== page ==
Intermodal demand grew by 7.2 percent in the first quarter of 2018 due to tightened capacity in truckload shipping. This pattern emerges every year with the approach of peak season, but few expected such a widespread squeeze in intermodal capacity so early in the year. The long-term outlook for intermodal remains to be seen, but shippers without capacity for the current peak season are feeling the crunch (IANA).

What’s Happening in Intermodal Now 

According to the Intermodal Association of North America, demand for intermodal shipping this year grew at its fastest pace since 2014 (IANA). More importantly, intermodal capacity began filling up far earlier than expected, moving the start of peak season back into June or July instead of the usual late August or early September timing. “In 18 years, I’ve never seen as much demand for dray power as I’ve seen here in the past three to four weeks,” Jason Hilsenbeck, president of the the Drayage Directory said early this year. “Chicago is absolutely tapped out” (JOC). The shift is evident in several areas:

  • Numerous large capacity intermodal providers have already reported tight or full capacity, even in back-to-back “street turns”.
  • Secondary markets, such as Dallas and Atlanta, are also filling up fast.
  • Dray demand has doubled over last year with an index high of nearly 300 in June.
  • Many providers are assessing surcharges for freight above pre-contracted amounts (JOC).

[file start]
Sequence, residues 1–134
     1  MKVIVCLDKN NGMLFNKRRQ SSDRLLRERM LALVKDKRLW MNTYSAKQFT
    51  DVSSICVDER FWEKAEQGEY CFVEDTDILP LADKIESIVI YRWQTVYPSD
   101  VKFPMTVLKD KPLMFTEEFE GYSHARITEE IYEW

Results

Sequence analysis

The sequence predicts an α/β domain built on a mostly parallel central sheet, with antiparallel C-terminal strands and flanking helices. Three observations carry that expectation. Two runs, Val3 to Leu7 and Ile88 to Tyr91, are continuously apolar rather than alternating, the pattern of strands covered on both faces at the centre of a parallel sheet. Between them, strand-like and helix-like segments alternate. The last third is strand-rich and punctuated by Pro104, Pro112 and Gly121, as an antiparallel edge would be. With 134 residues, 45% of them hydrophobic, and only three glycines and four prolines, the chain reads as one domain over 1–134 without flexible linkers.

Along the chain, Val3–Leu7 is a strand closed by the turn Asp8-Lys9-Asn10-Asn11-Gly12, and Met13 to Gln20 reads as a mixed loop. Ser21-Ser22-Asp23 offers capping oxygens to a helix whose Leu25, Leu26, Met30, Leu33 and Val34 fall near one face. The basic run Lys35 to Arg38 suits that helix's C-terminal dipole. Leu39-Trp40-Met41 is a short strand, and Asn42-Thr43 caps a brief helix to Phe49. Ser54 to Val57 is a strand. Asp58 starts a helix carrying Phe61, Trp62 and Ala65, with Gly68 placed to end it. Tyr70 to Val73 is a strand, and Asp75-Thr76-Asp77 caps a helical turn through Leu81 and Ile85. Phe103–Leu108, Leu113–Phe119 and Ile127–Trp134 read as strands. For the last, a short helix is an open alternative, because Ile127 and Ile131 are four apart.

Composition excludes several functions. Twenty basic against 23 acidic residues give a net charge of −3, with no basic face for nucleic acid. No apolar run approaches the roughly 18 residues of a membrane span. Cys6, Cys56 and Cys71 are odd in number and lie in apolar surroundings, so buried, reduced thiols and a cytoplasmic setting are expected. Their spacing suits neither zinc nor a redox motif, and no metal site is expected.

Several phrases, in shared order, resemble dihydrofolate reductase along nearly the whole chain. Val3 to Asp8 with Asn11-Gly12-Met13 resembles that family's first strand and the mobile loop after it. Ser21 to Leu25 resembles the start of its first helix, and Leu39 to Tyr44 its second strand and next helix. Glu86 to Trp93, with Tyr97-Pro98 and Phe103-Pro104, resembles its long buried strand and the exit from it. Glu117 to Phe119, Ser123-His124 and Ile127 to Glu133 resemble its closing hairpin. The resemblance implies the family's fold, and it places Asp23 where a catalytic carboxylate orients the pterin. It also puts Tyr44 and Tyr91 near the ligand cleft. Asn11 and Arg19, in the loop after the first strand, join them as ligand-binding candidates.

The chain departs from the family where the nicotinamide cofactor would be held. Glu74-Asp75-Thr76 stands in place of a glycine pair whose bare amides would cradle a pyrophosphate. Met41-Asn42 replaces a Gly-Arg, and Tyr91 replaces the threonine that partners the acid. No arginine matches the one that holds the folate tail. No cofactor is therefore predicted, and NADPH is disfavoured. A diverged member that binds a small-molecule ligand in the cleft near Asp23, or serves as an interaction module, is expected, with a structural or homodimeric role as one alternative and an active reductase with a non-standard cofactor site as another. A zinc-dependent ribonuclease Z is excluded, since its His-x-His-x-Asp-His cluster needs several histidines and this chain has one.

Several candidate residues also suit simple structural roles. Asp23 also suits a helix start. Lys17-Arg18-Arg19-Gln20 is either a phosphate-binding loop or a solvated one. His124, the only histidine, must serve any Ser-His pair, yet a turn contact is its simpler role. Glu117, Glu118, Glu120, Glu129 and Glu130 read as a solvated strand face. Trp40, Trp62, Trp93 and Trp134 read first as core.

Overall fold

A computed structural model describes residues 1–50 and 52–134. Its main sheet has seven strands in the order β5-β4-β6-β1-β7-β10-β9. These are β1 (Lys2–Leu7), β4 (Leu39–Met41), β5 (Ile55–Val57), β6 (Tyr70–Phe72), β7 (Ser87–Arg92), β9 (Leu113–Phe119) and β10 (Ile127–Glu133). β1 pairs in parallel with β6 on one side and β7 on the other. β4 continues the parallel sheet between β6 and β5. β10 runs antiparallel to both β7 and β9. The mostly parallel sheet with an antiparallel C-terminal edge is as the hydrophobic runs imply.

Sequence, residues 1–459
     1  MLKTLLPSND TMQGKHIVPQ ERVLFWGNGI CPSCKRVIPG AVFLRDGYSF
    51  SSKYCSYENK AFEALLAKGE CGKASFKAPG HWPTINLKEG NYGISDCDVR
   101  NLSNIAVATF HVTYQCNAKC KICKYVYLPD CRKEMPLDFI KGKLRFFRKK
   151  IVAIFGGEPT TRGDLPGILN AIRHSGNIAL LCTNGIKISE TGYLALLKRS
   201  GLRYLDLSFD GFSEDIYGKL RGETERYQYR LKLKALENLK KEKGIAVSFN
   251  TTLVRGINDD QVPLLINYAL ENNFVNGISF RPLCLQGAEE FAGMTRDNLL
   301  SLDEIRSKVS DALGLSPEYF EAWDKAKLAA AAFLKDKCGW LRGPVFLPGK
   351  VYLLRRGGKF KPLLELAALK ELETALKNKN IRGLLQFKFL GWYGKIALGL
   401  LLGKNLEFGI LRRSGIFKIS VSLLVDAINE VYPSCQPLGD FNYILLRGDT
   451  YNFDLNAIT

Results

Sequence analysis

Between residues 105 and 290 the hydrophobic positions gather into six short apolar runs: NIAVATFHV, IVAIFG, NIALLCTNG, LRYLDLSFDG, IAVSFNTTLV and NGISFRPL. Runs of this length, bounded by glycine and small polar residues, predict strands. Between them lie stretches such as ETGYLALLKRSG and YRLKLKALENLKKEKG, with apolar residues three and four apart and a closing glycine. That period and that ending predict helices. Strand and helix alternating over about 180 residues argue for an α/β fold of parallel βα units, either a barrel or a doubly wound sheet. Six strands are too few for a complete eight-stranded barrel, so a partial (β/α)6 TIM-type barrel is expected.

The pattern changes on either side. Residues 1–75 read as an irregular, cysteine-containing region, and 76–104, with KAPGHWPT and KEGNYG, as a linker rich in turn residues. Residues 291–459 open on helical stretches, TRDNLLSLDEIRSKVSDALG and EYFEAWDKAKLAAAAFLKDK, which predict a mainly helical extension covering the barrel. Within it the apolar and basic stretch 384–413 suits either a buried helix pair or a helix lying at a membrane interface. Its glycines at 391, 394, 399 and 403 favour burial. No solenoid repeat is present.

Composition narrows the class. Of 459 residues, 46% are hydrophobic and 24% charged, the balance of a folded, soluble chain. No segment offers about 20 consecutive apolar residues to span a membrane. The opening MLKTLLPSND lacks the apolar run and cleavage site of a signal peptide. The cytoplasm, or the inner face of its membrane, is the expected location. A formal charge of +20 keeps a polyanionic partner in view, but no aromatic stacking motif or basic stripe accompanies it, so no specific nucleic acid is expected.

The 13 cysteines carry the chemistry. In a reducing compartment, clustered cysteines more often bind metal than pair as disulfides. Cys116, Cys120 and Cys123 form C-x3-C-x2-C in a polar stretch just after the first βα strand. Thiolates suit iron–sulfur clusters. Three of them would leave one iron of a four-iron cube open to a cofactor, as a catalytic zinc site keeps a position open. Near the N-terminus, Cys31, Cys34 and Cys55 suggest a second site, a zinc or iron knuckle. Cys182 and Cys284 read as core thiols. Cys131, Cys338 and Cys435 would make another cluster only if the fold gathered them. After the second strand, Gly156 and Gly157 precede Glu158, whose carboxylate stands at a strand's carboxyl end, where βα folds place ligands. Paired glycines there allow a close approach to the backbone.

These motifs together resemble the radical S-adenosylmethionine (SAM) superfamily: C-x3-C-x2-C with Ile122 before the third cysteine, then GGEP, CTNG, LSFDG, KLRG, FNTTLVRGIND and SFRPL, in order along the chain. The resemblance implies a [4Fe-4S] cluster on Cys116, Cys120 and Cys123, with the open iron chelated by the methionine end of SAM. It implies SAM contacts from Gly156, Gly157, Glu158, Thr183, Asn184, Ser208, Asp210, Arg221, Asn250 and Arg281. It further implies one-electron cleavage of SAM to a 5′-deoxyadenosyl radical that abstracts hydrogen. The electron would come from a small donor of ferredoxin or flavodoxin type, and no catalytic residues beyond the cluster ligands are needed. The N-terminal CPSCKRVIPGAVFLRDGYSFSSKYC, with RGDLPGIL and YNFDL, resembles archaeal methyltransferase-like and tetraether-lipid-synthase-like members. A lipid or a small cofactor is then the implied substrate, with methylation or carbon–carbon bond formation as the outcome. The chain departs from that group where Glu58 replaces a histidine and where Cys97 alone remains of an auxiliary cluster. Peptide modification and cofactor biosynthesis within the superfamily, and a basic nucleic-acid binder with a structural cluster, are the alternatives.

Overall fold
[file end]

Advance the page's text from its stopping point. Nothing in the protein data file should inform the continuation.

What’s Behind the Growth in Intermodal

Intermodal has long been a go-to back-up for truckload shipping during peak demand seasons. But now that intermodal capacity is also constrained, some shippers are being caught off guard. Experts say the constrained intermodal capacity of 2018 emerged from:

  1. A Strong Economy. Economic prosperity has created increasingly greater demand for truckload shipping, leading to painfully tight capacity. The typical Market Demand Index (MDI) in the spot market for this time of year is 20 or less. That means there are roughly 20 loads posted for every available truck. June’s MDI was in the low 40s (JOC).
  2. The Driver Shortage. While trucks may be available, there aren’t enough drivers—partly due to the ELD mandate. Rather than switching to electronic logs, some drivers retired or simply left the trucking industry after the mandate went into effect last winter. Hours-of-service requirements also make longer hauls more time consuming because e-logs make it difficult for drivers to avoid rest breaks without racking up fines.
  3. Tariff Troubles. Many shippers procured shipping contracts early in the year after the Trump administration announced the possibility of tariffs on steel and aluminum. Some had already experienced difficulties with trade partners while others simply anticipated more tariffs in the ongoing trade war with China. Given the uncertainty, those forced to choose early planned on tight capacity in trucking and looked for alternatives (JOC).

How Shippers Take Control in Peak Seasons

Tight shipping capacity is always difficult to manage and the fact that intermodal is also constrained has shippers looking for ways to mitigate the impacts. Flexibility is always key:

  • Book shipments as early as possible.
  • Offer wider, more flexible delivery windows.
  • Spread out capacity needs over the entire week or month.
  • Work toward becoming a shipper of choice.
  • Have modal flexibility. If capacity is reached on intermodal, make sure you have strong relationships with over-the-road carriers and brokers, as they may be your only solution to getting your products from point A to point B.

Partnering with an experienced 3PL can also make navigating peak seasons easier. In addition to longstanding relationships with top carriers, Capstone leverages state-of-the-art technology, well-trained logistics teams, and 24x7x365 availability to help you manage demand-related problems of all kinds. Contact us to learn more.